A Most Dangerous Woman
by Rick Allen
It all started with a mule. In 1865, a young Confederate veteran by the name of Albert Parsons sold a mule and some cotton land for the money to attend Waco University. He made it through one year before the allure of Radical Republican politics called him. He began taking political appointments and doing political field work. On one of these trips to a former slave neighborhood, he met a young woman of mixed ethnicities calling herself Lucy Gonzales. They fell in love and attempted to marry. Texas at that time was a state that had legal strictures against “miscegenation”. So…they sold what they had and went to Chicago where they could legally wed.
In Chicago, Albert worked as a printer and eventually had his own newspaper. Lucy, who had learned to read and write, became a labor organizer in garment factories. She also, alongside Albert, led the first May Day parade in Chicago on May 1st 1886 with 80,000 labor union members marching behind. It appeared the days of twelve hour work shifts and children working during school hours were over. Just days later, a riot erupted during a labor rally in the Haymarket Square and several police were killed by a bomb. After a “kangaroo court” of business owners found Albert and four other innocents guilty of the deaths, they were hung.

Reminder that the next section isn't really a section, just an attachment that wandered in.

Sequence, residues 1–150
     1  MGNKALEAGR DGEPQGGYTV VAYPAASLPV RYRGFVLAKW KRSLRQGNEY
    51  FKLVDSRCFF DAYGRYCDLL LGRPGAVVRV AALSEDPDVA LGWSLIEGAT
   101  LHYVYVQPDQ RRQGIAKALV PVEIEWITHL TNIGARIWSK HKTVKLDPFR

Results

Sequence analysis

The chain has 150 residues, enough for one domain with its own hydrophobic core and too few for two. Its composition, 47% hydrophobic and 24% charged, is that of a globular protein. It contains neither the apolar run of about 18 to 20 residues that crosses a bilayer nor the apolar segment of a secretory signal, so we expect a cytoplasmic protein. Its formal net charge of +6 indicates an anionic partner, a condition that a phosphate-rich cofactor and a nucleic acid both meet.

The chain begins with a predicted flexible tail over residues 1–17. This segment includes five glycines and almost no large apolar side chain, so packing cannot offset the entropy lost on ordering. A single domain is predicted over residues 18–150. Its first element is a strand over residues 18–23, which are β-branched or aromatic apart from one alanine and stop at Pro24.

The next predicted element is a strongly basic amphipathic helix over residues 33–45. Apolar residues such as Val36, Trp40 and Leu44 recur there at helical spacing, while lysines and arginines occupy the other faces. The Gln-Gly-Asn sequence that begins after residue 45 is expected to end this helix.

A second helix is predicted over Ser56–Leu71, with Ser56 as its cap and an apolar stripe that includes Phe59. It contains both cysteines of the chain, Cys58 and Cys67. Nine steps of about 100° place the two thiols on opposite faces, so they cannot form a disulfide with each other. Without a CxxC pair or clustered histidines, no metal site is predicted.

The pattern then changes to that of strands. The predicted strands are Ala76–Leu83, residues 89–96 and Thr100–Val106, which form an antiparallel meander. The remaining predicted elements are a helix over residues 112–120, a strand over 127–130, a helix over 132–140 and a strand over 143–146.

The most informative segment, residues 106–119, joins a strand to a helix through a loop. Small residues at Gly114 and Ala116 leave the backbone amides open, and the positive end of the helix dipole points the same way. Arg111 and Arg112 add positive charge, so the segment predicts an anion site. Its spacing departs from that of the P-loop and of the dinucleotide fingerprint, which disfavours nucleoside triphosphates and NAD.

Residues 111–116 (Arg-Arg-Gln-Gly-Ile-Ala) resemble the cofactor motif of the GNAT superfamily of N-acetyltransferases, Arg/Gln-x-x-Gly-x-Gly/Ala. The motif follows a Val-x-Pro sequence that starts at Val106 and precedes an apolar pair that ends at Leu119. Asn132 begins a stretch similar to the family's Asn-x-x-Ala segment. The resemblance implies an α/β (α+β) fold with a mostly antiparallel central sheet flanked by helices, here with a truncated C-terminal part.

Lucy wrote pamphlets about this injustice and by 1900 was a leader in the growing movements of socialism and anarchism. She became a hero to the poor and a “radical” to the rich. She encouraged strikes, walkouts and takeovers of factories. She helped start the American Communist Party and the International Workers of the World. By 1940, she was on an FBI watch list and even the NYC Police Commissioner described her as the, “most dangerous woman in America.” She died from a mysterious fire in her apartment in 1942. The police confiscated all her property and it disappeared.
Today, the USA , Saudi Arabia, Thailand, Zimbabwe, Pakistan and a dozen other countries refuse to celebrate Labor Day or Workers Day on May 1st. However, more than 200 countries remember with their own marches the day Lucy and Albert led the big parade.
Rick Allen has worn many hats since coming to Waco in 1982. He has been a history and English teacher, social worker, therapist, special educator, school counselor, Dean of Students, Waco City Councilman, landscaper, xeriscaper, pedicab entrepeneur, B&B host, board member, Sunday school teacher, junior college instructor, MHMR curriculum writer, public speaker, blogger and dad.
The Act Locally Waco blog publishes posts with a connection to these aspirations for Waco. If you are interested in writing for the Act Locally Waco Blog, please email firstname.lastname@example.org for more information.